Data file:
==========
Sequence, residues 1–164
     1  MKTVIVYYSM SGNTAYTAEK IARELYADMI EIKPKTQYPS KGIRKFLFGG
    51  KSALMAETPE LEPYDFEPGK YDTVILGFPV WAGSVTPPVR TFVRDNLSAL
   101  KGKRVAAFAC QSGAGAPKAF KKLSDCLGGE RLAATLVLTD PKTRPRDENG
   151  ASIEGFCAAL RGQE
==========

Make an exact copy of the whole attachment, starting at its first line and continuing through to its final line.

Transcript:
Sequence, residues 1–164
     1  MKTVIVYYSM SGNTAYTAEK IARELYADMI EIKPKTQYPS KGIRKFLFGG
    51  KSALMAETPE LEPYDFEPGK YDTVILGFPV WAGSVTPPVR TFVRDNLSAL
   101  KGKRVAAFAC QSGAGAPKAF KKLSDCLGGE RLAATLVLTD PKTRPRDENG
   151  ASIEGFCAAL RGQE